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Comte, Auguste (1798-1857)
"The universe displays no proof of an all-directing mind."

"The heavens declare the glory of Kepler and Newton."

Auguste Comte


Auguste Comte (full name Isidore Marie Auguste François Xavier Comte) was a French positivist thinker and came up with the term of sociology to name the new science made by Saint-Simon.

His Life
Known as the 'grandfather of sociology', he was born in Montpellier, in southwestern France. After attending school there, Comte was allowed to study at the École Polytechnique in Paris. The École Polytechnique was a place adhering to the French republican ideals and to progress. In 1816, the École closed for re-organization. Students could apply for readmission at a later date. Thus Comte had to leave the École and continued his studies at the medical school in Montpellier. When the École was reopened, he did not try to gain readmission.

Soon he saw unbridgeable differences with his Catholic and Monarchist family and left again for Paris, earning money by small jobs. Then he became a student and secretary for Claude Henri de Rouvroy, Comte de Saint-Simon, who brought Comte into intellectual society. In 1824, Comte left Saint-Simon, again because of unbridgeable differences.

Comte now knew what he wanted to do: work out the philosophy of positivism. This plan he published as Plan de traveaux scientifiques nécessaires pour réorganiser la société (1822) (Plan of scientific studies necessary for the reorganization of society). But he failed to get an academic position. His day-to-day life depended on sponsors and financial help from friends.

He married Caroline Massin, but divorced in 1842. Comte was known as an arrogant, violent and delusional man. In 1826 he was brought into a mental health hospital, but left it without being cured -- only stabilized by Massin -- so that he could work again on his plan. In the time between this and their divorce, he published the six volumes of his Cours.

From 1844, Comte was involved with Clotilde de Vaux, a relationship that remained platonic. After her death in 1846 this love became quasi-religious, and Comte saw himself as founder and prophet of a new "religion of humanity". He published four volumes of Système de politique positive (1851 - 1854).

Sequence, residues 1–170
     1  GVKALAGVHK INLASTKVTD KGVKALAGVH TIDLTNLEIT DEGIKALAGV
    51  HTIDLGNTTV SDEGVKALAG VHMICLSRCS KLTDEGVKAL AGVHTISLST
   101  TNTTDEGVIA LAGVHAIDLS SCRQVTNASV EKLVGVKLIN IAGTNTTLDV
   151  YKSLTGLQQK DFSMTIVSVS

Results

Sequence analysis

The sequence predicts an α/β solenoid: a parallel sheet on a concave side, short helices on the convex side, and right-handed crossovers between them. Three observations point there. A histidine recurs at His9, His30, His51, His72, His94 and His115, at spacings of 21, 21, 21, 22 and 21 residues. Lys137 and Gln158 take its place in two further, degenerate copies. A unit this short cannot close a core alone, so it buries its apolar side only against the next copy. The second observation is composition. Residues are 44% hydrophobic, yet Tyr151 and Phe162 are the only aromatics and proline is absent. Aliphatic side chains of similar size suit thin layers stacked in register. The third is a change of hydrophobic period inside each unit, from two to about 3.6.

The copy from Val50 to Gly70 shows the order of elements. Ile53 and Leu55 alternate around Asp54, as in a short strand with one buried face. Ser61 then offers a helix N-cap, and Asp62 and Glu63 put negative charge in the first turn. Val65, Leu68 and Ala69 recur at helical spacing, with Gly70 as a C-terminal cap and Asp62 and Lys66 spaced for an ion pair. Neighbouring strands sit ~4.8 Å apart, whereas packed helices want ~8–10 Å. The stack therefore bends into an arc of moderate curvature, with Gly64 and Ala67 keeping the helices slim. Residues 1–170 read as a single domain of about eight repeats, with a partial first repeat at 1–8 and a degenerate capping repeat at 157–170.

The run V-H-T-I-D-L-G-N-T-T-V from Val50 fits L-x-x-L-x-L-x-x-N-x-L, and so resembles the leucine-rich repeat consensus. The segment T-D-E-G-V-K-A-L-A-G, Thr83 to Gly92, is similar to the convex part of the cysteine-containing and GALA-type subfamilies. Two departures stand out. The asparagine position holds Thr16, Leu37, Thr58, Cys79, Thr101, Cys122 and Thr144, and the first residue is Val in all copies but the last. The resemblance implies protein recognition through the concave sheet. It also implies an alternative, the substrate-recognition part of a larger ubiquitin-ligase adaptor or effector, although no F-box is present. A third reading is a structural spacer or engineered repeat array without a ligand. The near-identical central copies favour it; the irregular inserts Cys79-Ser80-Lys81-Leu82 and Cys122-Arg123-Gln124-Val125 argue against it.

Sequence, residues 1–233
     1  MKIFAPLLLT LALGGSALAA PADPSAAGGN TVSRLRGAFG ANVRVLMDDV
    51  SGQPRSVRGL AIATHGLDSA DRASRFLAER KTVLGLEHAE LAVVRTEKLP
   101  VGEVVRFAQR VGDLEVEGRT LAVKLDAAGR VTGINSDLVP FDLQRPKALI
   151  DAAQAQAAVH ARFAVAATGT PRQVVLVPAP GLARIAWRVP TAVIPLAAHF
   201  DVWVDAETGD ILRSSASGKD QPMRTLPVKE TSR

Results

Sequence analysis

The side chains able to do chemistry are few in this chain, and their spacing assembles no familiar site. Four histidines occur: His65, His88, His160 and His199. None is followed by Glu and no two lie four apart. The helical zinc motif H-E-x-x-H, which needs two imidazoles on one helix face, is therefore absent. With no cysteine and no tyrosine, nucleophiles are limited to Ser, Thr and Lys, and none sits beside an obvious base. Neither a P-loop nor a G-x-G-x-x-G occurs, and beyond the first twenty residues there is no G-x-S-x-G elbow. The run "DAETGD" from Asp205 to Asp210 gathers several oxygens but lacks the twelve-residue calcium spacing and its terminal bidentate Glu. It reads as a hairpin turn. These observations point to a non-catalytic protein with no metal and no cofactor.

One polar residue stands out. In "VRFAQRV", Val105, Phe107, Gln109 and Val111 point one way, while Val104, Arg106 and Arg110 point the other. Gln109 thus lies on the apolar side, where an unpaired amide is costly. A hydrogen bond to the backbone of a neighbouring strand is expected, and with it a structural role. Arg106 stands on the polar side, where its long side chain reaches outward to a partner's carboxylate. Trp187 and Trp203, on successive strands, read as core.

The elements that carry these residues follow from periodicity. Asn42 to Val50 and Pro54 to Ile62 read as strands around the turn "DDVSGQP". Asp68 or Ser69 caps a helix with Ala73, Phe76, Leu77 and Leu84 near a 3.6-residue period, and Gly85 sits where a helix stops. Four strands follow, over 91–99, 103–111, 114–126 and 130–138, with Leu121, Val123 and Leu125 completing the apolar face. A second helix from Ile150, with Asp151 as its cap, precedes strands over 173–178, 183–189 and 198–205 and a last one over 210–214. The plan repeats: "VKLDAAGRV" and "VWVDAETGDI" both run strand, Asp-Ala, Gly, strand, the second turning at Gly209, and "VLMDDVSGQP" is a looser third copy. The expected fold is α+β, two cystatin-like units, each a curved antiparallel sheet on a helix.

He died in Paris on September 5th, 1857 and is buried at the famous Cimetière du Père Lachaise.

His legacy
One universal law that Comte saw at work in all sciences he called the 'law of three phases'. It is by his statement of this law that he is best known in the English-speaking world; namely, that society has gone through three phases: Theological, Metaphysical, and Scientific. He also gave the name "Positive" to the last of these because of the polysemous connotations of the word.

The Theological phase was seen from the perspective of 19th century France as preceding the Enlightenment, in which man's place in society and society's restrictions upon man were referenced to God. By the "Metaphysical" phase, he was not referring to the Metaphysics of Aristotle or any other ancient Greek philosopher, for Comte was rooted in the problems of French society subsequent to the revolution of 1789.

This Metaphysical phase involved the justification of universal rights as being on a vauntedly higher plane than the authority of any human ruler to countermand, although said rights were not referenced to the sacred beyond mere metaphor. What he announced by his term of the Scientific phase, which came into being after the failure of the revolution and of Napoleon, was that people could find solutions to social problems and bring them into force despite the proclamations of human rights or prophecy of the will of God. In this regard he was similar to Karl Marx and Jeremy Bentham. For its time, this idea of a Scientific phase was considered up-to-date, although from a later standpoint it is too derivative of classical physics and academic history.